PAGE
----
The household micro wave, allegedly, was invented by a researcher who walked past a radar transmitter and the chocolate bar in his pocket melted.

    Tidbinbilla was chosen as the location for the Australian facility because it is close to the capital, Canberra, and hills shield the site from radio-frequency interference.The Complex’s antennas operate at frequencies from 1660 MHz to 32 GHz.

    All these facilities are controlled by the USA (CIA, NASA, NSA etc), not Australians. Some or all of these facilities are part of the Echelon system.

    Weather modification can induce cyclones, earthquakes and tsunamis, as well as severe tropical and sub-tropical storms. Operation Popeye was one such well documented program I witnessed. Operation Popeye was a highly classified weather modification program in Southeast Asia during 1967–1972. If the USA had that capability in 1967, what can they do now? What can other countries (China, Russia, Israel?) achieve now? Let’s not talk about the earthquake bomb, invented by an Australian engineer and academic, based in Auckland NZ.

    Perhaps it is not politically correct to talk about any these issues, or ask question; we don’t want the population to feel helpless?

  2. Diannaart

    David Bruce


    Weather is local.

    Climate is global.

    Changes in Australia

    In Australia, surface temperatures on the land have been recorded at many sites since the mid to late 19th century. By 1910, Australia had a reliable and standardised network of thermometers and the data they produced have been extensively analysed by the Bureau of Meteorology and scientists at CSIRO, Australian universities and international research institutions.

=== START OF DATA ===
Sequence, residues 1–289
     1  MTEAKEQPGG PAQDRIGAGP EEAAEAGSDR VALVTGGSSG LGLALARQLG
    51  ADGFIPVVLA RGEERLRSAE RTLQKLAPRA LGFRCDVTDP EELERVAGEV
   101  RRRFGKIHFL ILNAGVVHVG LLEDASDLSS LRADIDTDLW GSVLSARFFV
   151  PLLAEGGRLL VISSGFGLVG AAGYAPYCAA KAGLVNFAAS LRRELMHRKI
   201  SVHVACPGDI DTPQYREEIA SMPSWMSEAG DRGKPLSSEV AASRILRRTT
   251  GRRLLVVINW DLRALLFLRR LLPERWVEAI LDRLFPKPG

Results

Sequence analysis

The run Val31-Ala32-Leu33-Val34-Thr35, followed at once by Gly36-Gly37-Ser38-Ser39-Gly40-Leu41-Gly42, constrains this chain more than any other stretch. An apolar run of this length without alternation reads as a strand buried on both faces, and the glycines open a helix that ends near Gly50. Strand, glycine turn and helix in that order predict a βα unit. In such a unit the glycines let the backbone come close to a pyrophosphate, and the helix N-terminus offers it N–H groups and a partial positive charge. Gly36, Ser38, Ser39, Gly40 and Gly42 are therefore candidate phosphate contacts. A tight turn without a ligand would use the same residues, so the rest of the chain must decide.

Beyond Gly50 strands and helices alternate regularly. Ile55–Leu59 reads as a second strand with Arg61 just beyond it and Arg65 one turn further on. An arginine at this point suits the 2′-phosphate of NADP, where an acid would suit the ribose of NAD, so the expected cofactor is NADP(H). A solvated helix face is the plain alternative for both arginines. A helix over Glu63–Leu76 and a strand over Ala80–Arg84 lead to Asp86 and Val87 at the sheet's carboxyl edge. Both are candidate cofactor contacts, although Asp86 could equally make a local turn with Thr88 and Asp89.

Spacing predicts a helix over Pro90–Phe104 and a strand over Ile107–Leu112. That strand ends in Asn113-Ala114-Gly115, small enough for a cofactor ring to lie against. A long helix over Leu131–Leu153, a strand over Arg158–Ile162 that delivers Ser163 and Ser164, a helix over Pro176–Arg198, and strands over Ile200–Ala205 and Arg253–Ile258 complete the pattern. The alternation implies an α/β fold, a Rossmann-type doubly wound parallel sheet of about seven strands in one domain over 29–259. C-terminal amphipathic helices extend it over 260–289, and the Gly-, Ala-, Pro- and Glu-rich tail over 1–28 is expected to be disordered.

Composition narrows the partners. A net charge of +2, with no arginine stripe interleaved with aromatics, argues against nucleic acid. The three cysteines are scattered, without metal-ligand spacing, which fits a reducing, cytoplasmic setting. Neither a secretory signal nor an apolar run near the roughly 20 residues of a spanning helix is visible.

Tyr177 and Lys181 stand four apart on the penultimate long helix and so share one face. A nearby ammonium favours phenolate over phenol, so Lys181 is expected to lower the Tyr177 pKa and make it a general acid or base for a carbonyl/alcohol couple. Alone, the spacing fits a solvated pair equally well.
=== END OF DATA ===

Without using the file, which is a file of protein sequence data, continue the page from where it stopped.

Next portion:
This reveals that since 1910, Australia’s annual-average daily maximum temperatures have increased by 0.8°C and the overnight minima by more than 1.1°C. Since the 1950s, each decade has been warmer than the one before. We’ve also experienced an increase in record hot days and a decrease in record cold days across the country.

    Some years have been relatively cool due to effects such as La Niña, but overall the trend is clear and distinct: Australia has become warmer.

    There has been a general trend towards increased spring and summer monsoonal rainfall across Australia’s north during recent decades, and decreased late autumn and winter rainfall across southern Australia.

    Sea-surface temperatures around Australia have increased faster than the global average.

    Yes, scientists need funding to continue their work. The money spent on research is minuscule when compared to politicians, corporate CEO’s, gambling, the sporting industry and many other human activities which contribute less than zero to understanding of the world upon which we depend for our lives.

  3. Diannaart

  4. Paul Davis

    David Bruce are you talking about HAARP?

    I thought this conspiracy theory had been debunked a few years back …

  5. Phil Gorman

    What will any future archeologists make of us?

    Will they have evolved enough to learn from our obscene history of wilful ignorance and neglect?

    Will it be just another round of wash, spin repeat?